This morning’s jobs report revealed that 79,000 net new jobs were created in the country in May, nearly 50 percent below the consensus forecast of 150,000. Almost immediately following the release, there were loud and insistent calls for another round of monetary and fiscal stimulus. “Job growth stumbles again, raising pressure on Fed,” the Reuters headline ran. My fellow Reuters blogger Felix Salmon called for immediate federal stimulus funded by more debt issuance. Felix’s rationale, like many others’, is that with U.S. borrowing costs so low, stimulating current economic activity is a higher priority than worrying about paying down the debt in the future. Or to put it differently, a little more debt is preferable to enduring the economic pain of the economy rightsizing itself.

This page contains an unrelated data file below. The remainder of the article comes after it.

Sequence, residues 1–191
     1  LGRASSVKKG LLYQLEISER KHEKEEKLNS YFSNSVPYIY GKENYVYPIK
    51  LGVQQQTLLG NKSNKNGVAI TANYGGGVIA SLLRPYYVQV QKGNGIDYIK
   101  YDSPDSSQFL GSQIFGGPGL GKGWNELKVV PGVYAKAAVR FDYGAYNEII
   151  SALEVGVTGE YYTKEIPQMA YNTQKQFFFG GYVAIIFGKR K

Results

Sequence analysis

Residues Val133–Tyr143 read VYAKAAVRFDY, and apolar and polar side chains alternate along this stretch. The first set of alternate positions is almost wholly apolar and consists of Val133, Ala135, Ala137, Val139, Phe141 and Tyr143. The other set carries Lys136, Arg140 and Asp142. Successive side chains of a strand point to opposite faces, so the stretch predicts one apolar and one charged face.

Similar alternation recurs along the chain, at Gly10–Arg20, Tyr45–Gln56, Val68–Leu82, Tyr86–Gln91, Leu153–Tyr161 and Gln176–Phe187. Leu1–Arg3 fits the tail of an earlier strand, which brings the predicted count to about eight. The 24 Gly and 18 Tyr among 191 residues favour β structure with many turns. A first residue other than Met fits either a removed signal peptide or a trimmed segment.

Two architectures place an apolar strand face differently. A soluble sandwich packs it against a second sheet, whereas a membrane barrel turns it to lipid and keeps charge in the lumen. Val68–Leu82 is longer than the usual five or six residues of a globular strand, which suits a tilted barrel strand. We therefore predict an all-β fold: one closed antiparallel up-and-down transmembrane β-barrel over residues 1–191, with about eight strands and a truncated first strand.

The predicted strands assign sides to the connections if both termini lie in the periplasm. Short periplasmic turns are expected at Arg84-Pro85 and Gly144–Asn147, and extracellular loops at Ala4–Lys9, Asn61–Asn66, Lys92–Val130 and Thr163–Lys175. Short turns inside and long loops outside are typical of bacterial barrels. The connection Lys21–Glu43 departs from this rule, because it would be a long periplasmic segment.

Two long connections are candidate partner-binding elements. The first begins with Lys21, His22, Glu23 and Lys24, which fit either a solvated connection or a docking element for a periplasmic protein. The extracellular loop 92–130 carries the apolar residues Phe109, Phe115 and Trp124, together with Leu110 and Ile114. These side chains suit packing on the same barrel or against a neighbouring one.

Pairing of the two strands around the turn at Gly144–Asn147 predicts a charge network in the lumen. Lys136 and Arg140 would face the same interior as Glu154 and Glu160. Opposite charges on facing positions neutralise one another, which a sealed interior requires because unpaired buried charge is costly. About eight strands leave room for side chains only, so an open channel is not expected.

However, economic weakness is concentrated in just a few regions, and the solutions that many are pushing for – additional fiscal stimulus from Congress or further monetary easing from the Fed – are too diffuse to make much of a difference or require a national constituency that is unlikely to materialize. Unemployment fell in 37 states in April, but in California, Rhode Island and Nevada, there are still massive employment problems. The National Conference of State Legislatures reports (emphasis mine):

Unemployment rates were down in 37 states, the District of Columbia, and Puerto Rico in April 2012. Only five states saw unemployment rise and eight states had no change for the month, according to figures released by the Bureau of Labor Statistics on May 18, 2012.